However, the amount of pepsin produced by the gastric mucosa depends on the amount of protein to be digested. This means that the greater the protein content in the diet, the more pepsin is formed.

However, enzyme-rich foods such as fruits and vegetables are very low in protein compared to meat, fish, eggs and dairy products. Therefore, only minimal amounts of pepsin are formed when they are consumed; provided they are NOT consumed together with protein-rich foods.

So if you enjoy your enzyme-rich fruits and raw vegetables as your sole meal in the future, the chance of the enzymes they contain, reaching their respective destination will increase extraordinarily.

How to increase your enzyme intake

Enzyme intake via enzymatically active foods is an excellent way for relatively healthy people to support and maintain health.

However, for people who are already ill, the amount of enzymes that can be absorbed through food is often not enough.

In this situation, the body’s need for active enzymes is enormously high, so that systemic enzyme therapy is highly recommended for those affected in addition to the enzyme-rich diet and in consultation with an experienced therapist.

This enzyme therapy uses balanced and high-dose enzyme preparations with good bioavailability, which activate the body’s self-healing powers.

Systemic enzyme therapy

Systemic enzyme therapy is a scientifically proven therapeutic method based on the oral administration of plant and animal enzymes.

The term “systemic” means that the enzymes do not act exclusively in the digestive system, but especially in the blood and tissues.

The enzyme mixtures reach all parts of the body via the bloodstream and can thus develop their positive effect everywhere.

Systemic enzyme therapy usually uses the plant enzymes bromelain (from the ground stalk of pineapple) and papain (from the juice of unripe papayas) as well as enzymes of animal origin such as trypsin (from the pancreas of pigs), chymotrypsin (from the pancreas of cattle) and pancreatin (from the pancreas of pigs or cattle).

Each of these types of enzymes has a special effect on different regulatory areas in the organism.

In order to influence as many systems in need of regulation in the body as possible and thus achieve an optimal effect (1), the combination of plant AND animal enzymes, as used in systemic enzyme therapy, is absolutely necessary.

Bromelain against metastases

Bromelain shows an anti-inflammatory and antimetastatic effect. Therefore, it contributes significantly to the strengthening of the immune system.

In addition, bromelain promotes the healthy flow of blood by supporting the breakdown of fibrin.

Fibrin is a protein that is responsible for blood clotting and can contribute to the formation of thrombi in excess.

Papain for pain and autoimmune processes

Papain has antioxidant, anti-inflammatory and antibacterial effects.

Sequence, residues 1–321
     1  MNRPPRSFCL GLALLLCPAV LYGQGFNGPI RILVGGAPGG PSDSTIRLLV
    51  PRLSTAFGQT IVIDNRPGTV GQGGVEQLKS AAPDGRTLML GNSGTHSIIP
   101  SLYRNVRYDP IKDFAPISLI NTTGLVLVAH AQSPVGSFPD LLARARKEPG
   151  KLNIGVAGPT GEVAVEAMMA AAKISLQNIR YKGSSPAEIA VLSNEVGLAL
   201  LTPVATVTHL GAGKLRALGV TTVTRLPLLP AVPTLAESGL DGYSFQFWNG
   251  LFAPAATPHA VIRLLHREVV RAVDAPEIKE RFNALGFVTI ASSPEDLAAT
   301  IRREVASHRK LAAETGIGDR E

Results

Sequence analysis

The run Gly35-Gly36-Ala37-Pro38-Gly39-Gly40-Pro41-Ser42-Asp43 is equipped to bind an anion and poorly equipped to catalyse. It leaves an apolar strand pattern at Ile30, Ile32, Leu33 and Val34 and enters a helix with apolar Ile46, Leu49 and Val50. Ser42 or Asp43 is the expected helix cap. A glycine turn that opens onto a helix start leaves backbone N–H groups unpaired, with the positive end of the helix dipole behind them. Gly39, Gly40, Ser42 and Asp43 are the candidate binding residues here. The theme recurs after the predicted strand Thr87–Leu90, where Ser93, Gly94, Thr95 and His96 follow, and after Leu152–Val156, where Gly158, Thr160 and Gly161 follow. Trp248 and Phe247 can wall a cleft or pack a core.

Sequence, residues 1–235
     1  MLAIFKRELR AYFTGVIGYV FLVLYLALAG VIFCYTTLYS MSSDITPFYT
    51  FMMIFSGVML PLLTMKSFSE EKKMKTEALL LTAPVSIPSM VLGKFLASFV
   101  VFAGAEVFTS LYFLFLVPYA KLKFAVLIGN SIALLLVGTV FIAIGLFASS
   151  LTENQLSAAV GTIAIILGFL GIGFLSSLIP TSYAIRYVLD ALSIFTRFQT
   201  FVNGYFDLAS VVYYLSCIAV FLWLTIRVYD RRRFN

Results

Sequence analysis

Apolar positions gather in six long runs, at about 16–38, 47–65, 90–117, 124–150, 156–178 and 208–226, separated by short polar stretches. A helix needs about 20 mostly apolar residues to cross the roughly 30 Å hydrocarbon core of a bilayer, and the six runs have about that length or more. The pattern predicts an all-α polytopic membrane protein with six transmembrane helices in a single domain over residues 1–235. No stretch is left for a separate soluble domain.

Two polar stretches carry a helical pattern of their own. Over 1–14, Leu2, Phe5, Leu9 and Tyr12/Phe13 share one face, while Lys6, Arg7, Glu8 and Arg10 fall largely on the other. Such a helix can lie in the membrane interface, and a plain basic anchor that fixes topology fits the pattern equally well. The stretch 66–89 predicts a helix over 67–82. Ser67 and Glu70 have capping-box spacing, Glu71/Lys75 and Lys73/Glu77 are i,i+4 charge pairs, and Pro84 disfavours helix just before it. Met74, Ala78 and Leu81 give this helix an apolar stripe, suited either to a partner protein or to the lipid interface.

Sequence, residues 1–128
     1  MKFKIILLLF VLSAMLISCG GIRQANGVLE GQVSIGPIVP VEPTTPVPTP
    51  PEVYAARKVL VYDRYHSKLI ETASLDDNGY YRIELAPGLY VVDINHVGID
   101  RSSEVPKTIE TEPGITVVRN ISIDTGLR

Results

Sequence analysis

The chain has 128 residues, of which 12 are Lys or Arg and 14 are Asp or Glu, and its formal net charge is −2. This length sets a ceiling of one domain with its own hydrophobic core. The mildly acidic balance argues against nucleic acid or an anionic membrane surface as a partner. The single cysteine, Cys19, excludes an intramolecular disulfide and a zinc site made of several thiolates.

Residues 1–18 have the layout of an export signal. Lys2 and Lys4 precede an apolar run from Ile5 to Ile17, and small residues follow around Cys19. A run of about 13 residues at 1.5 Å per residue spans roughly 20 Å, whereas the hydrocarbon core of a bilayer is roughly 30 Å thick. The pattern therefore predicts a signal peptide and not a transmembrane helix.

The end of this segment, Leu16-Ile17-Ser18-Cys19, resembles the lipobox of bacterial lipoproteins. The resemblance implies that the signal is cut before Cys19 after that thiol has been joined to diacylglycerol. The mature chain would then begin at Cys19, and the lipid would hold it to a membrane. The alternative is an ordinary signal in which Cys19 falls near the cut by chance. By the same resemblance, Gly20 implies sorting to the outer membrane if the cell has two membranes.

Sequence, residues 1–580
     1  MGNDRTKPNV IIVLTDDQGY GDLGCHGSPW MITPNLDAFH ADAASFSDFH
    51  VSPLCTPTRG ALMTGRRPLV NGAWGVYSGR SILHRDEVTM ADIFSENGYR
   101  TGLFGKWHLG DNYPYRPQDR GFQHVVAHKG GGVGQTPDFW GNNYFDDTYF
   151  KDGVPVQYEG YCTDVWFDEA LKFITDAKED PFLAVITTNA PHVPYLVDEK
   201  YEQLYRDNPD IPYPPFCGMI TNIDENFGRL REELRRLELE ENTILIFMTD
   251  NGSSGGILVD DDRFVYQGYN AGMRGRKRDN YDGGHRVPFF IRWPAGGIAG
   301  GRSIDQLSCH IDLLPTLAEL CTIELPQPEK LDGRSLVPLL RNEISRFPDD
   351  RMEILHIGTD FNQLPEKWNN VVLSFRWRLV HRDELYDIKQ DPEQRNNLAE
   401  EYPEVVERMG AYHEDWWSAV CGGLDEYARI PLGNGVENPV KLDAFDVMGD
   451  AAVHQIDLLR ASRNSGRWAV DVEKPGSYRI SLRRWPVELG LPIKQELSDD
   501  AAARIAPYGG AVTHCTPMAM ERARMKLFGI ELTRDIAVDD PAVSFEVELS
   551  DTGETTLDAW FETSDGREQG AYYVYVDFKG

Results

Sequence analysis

In addition, it has an analgesic effect and accelerates wound healing.

In addition, it is able to cleave immune complexes (explanation below) that can contribute to the development of autoimmune diseases.

Like bromelain, papain also supports the breakdown of fibrin.

Trypsin and chymotrypsin promote digestion

Trypsin and chymotrypsin are important digestive enzymes that also exhibit other important properties.

Thus, like papain, they help to dissolve immune complexes.

In addition, they have anti-inflammatory and anti-pain effects.

Often, the described enzymes are combined in ready-made preparations with the flavonoid rutoside, whose antioxidant and vascular-strengthening effect enhances the enzymes in their effectiveness.

How can enzymes get into the blood?

Actually, enzymes are too large to get from the small intestine into the blood. Therefore, it was once believed, they would be classified as foreign substances by the immune system and automatically trigger an immune reaction.

However, a study from 2001 was able to prove that this is not the case with the enzymes, as they bind to a special transport protein (α2-macroglobulin) in the small intestine. In this way, they can reach their destination unhindered. (2)

Another study also showed that enzymes, despite their size, are very capable of entering the blood via the small intestine. For this experiment, a trypsin molecule with radioactive isotopes was labeled.

The researchers administered 1 g of this radiolabeled enzyme to adult rabbits and about two hours later a maximum of radioactivity was measurable in their blood plasma. The trypsin had therefore undoubtedly passed from the small intestine into the blood.

Enzymes have high demands

The number of enzymes supplied ultimately passes into the blood depending on various factors.

On the one hand, the pH value is decisive, because each enzyme has its own pH optimum. Pepsin, for example, requires an extremely acidic environment of pH 2, which corresponds exactly to the pH value of gastric acid.

Trypsin in the small intestine, on the other hand, prefers slightly alkaline pH values, which it also found in a healthy small intestine.

If the pH values change only slightly, the enzyme activity automatically decreases. Therefore, a balanced acid-base balance, which ensures optimal pH values in all areas of the body, is immensely important for health.

On the other hand, body temperature also plays an important role, because all enzymes feel most comfortable at a normal body temperature of about 37°C.

When the temperature rises, as is the case with fever, the enzymes become particularly active. In this active phase, they fight pathogens.

However, there is a clear temperature limit here, which must not be exceeded under any circumstances. The body could not survive a temperature of 45°C, as all enzymes would be inactivated in this heat.

Of course, enzyme activity also changes with decreasing body temperature. In the range of sub-zero temperatures, the activity of enzymes decreases as well as at temperatures above 45°C.